On Baptism, Against The Donatists

The Seven Books of Augustin, Bishop of Hippo, On Baptism, Against the Donatists

NPNF (V1-04)


Philip Schaff

not alone baptized with it, lest He should show His own to be inferior to this, with which none but
He Himself had deserved to be baptized; and He did not allow it to continue longer, lest the one
baptism with which He baptizes might seem to need the other to precede it.

Chapter 10.—12. I ask, therefore, if sins were remitted by the baptism of John, what more
could the baptism of Christ confer on those whom the Apostle Paul desired to be baptized with the
baptism of Christ after they had received the baptism of John? But if sins were not remitted by the
baptism of John, were those men in the days of Cyprian better than John, of whom he says himself
that they "used to seize on estates by treacherous frauds, and increase their gains by accumulated
usuries,"1488 through whose, administration of baptism the remission of sins was yet conferred? Or
was it because they were contained within the unity of the Church? What then? Was John not
contained within that unity, the friend of the Bridegroom, the preparer of the way of the Lord, the
baptizer of the Lord Himself? Who will be mad enough to assert this? Wherefore, although my
belief is that John so baptized with the water of repentance for the remission of sins, that those who
were baptized by him received the expectation of the remission of their sins, the actual remission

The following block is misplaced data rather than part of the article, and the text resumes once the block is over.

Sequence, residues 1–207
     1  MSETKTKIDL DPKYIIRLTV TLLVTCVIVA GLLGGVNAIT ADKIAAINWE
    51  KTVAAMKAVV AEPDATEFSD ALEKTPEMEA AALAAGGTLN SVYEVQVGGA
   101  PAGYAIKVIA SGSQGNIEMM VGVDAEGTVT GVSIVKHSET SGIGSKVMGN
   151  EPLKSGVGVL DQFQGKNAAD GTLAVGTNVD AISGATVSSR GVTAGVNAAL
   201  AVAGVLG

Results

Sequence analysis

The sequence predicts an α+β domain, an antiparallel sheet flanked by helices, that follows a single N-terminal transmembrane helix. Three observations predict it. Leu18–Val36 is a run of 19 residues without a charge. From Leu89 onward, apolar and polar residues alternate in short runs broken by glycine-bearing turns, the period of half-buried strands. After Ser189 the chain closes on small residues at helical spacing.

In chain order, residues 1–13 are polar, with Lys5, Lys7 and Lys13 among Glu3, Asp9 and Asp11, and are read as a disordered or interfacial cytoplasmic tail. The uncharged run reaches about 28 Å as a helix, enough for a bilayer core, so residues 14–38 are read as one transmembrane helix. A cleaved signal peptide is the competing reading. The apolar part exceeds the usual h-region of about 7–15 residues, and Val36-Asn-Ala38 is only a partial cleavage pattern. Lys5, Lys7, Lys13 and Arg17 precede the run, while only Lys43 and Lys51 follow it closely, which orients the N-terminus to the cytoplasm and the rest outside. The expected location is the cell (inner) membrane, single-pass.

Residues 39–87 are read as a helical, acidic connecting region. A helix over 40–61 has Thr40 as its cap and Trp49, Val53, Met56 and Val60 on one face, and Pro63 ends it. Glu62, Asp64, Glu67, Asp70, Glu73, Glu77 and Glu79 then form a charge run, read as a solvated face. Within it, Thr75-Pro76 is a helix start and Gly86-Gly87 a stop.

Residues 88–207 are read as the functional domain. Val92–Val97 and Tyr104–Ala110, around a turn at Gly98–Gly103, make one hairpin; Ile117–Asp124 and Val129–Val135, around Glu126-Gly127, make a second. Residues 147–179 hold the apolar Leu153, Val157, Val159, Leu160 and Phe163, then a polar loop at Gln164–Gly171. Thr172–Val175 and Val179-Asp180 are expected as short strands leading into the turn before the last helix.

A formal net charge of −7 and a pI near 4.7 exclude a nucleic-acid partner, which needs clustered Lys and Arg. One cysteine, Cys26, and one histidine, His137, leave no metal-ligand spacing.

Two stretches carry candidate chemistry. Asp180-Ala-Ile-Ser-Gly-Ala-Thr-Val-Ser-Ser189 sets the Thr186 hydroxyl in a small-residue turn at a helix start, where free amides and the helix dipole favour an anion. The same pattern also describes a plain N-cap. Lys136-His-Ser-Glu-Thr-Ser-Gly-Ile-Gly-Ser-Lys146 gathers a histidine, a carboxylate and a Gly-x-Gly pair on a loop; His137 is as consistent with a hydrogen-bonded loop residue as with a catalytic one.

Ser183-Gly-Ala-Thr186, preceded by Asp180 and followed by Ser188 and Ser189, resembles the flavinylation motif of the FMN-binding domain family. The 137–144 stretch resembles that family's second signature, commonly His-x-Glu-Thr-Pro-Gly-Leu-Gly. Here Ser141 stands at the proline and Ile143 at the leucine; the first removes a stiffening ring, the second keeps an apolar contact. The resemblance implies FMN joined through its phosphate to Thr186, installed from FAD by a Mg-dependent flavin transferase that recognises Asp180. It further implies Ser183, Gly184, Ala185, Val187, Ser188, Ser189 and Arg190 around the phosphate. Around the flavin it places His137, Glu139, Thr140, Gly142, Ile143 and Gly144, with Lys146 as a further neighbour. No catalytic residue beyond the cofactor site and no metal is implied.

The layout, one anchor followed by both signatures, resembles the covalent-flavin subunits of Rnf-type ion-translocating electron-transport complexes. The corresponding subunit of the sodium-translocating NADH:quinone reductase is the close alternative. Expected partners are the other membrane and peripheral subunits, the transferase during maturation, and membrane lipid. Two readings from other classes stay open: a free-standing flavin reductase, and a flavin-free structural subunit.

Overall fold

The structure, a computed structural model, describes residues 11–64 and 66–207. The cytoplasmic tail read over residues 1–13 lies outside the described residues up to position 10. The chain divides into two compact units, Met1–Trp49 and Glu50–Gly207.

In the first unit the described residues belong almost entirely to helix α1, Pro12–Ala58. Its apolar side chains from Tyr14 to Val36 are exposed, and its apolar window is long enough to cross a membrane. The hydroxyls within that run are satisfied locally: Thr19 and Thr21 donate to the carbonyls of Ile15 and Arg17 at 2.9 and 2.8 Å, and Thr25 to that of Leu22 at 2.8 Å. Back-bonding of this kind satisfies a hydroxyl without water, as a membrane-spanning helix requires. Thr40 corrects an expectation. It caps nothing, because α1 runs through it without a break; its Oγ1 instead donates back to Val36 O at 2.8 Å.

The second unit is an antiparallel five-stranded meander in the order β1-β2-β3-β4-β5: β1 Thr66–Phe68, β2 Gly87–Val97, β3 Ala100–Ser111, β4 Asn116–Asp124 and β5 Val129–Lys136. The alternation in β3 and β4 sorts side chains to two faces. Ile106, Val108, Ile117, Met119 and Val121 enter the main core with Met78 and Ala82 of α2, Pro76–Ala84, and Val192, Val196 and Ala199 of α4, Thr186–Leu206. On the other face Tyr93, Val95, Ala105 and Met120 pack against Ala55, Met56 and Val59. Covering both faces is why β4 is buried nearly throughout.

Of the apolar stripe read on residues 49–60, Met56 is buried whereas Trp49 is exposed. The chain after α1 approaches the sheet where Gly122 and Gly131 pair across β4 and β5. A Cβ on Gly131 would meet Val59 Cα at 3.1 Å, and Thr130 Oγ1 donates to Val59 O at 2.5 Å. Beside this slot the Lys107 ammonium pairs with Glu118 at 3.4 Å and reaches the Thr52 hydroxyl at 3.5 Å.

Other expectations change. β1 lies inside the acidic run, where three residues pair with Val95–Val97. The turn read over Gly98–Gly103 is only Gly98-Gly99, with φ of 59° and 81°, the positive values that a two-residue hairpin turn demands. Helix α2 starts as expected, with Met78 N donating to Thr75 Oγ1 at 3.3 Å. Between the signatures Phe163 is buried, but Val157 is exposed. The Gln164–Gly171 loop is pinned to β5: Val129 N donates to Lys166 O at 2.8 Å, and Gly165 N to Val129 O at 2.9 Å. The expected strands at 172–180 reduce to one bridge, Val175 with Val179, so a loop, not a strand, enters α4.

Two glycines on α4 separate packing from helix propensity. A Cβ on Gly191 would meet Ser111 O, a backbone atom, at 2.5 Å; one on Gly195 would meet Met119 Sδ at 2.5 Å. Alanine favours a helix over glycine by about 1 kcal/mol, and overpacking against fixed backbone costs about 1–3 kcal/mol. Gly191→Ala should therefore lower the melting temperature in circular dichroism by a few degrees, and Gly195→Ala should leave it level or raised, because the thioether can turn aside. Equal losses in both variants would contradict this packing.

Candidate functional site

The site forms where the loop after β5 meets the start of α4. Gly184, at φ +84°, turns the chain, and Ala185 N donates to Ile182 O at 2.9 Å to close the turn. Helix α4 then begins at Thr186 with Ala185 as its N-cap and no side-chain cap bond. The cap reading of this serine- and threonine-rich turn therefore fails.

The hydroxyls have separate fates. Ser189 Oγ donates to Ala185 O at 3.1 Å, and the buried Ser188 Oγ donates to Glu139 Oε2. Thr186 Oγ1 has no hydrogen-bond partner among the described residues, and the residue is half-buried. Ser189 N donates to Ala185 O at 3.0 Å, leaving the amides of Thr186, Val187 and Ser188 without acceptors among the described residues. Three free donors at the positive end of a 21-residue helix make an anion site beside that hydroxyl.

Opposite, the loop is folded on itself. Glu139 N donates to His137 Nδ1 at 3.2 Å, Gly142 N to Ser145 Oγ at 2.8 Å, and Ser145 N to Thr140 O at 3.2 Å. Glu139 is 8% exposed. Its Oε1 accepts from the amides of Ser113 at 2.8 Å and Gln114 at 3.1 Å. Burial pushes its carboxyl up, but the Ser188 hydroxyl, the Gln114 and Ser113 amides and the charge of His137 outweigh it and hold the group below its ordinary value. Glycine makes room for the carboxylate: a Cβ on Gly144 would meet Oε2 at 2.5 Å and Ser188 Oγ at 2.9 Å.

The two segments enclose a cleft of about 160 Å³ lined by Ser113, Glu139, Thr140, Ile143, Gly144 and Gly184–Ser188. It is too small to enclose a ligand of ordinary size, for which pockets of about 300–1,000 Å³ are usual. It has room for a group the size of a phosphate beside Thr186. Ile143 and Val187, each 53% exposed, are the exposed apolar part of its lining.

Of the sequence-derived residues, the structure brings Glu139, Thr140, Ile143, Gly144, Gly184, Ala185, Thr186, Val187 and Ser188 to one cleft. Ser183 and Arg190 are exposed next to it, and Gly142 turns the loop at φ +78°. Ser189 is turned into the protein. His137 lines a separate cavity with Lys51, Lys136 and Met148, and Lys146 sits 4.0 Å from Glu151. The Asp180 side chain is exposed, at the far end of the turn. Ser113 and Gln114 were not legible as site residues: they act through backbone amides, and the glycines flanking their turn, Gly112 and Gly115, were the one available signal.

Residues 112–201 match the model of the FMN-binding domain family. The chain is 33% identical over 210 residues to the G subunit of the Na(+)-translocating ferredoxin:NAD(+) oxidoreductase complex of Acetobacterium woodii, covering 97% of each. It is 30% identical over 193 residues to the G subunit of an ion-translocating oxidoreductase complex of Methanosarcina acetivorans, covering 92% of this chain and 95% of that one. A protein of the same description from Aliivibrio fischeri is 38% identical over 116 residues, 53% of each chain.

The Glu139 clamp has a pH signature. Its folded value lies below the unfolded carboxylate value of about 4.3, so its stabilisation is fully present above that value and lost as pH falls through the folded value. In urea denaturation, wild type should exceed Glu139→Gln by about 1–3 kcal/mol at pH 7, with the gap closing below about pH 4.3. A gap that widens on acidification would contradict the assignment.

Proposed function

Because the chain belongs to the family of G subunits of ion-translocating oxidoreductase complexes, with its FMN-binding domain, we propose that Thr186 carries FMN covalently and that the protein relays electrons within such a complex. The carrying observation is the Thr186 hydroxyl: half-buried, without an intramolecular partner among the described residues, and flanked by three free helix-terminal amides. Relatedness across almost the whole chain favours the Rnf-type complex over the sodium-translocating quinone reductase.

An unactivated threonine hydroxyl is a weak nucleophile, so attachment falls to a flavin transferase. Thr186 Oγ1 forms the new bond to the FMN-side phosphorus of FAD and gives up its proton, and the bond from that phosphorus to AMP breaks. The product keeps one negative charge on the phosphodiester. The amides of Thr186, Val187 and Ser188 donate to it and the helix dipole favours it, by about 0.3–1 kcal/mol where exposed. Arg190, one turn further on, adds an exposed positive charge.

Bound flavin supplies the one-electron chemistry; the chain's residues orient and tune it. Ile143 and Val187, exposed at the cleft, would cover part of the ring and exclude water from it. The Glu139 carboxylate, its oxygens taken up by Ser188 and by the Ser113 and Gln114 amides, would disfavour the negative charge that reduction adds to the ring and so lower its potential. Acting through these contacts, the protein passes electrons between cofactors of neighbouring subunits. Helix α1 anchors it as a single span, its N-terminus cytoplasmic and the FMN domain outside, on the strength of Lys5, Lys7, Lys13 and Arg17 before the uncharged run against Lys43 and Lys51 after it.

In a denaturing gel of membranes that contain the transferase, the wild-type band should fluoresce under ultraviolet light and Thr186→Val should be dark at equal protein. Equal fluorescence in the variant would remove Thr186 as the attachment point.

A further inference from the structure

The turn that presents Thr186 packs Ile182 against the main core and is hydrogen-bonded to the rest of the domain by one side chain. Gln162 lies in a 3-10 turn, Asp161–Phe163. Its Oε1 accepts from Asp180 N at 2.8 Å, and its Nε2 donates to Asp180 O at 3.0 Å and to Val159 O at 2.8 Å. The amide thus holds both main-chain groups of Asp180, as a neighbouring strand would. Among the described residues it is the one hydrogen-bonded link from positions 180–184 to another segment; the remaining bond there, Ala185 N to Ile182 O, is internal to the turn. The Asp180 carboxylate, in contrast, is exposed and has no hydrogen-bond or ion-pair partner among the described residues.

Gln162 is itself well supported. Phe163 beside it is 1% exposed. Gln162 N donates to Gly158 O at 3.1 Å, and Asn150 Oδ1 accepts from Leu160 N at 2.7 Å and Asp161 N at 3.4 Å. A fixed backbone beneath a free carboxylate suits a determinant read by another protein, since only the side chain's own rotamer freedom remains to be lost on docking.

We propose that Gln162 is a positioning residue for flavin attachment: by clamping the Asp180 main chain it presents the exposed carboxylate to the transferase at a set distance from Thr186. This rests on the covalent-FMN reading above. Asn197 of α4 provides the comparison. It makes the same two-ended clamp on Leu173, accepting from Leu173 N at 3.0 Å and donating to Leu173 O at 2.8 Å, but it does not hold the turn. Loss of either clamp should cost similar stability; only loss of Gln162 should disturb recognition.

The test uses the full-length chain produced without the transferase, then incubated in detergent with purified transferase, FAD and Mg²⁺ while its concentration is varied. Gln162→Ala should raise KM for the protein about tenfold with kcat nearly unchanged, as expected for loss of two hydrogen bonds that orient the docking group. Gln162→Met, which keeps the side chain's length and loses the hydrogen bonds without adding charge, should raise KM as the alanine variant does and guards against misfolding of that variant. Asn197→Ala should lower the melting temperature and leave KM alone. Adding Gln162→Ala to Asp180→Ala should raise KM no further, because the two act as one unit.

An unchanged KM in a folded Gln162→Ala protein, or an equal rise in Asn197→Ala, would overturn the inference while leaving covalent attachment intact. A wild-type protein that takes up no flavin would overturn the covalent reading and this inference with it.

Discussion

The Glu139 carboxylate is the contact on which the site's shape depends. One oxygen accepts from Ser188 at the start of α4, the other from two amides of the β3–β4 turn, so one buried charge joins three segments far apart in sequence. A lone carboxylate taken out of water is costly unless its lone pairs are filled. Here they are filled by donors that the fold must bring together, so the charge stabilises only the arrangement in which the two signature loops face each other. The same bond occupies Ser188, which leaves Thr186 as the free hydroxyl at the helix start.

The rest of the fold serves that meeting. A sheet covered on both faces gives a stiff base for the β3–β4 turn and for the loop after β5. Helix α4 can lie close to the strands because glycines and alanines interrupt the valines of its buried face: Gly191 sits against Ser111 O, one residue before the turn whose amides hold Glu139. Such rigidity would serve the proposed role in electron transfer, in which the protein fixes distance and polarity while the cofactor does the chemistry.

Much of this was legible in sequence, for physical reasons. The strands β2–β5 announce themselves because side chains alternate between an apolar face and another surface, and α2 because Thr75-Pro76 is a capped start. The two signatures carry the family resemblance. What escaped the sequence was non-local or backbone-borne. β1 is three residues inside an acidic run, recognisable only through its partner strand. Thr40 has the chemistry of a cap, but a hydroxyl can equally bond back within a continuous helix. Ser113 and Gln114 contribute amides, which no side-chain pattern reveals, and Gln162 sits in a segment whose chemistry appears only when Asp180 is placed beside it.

taking place in the baptism of the Lord,—just as the resurrection which is expected at the last day
is fulfilled in hope in us, as the apostle says, that "He hath raised us up together, and made us sit
together in heavenly places in Christ Jesus;"1489 and again, "For we are saved by hope;"1490 or as
again John himself, while he says, "I indeed baptize you with water unto repentance, for the remission
of your sins,"1491 yet says, on seeing our Lord, "Behold the Lamb of God, which taketh away the
sin of the world,"1492—nevertheless I am not disposed to contend vehemently against any one who
maintains that sins were remitted even in the baptism of John, but that some fuller sanctification
was conferred by the baptism of Christ on those whom Paul ordered to be baptized anew.1493

Chapter 11.—13. For we must look at the point which especially concerns the matter before
us (whatever be the nature of the baptism of John, since it is clear that he belongs to the unity of
Christ), viz., what is the reason for which it was right that men should be baptized again after
receiving the baptism of the holy John, and why they ought not to be baptized again after receiving


Cypr. Serm. de Lapsis, c. vi.


Eph. ii. 6.


Rom. viii. 24.


Matt. iii. 11.


John i. 29.


Acts xix. 3-5.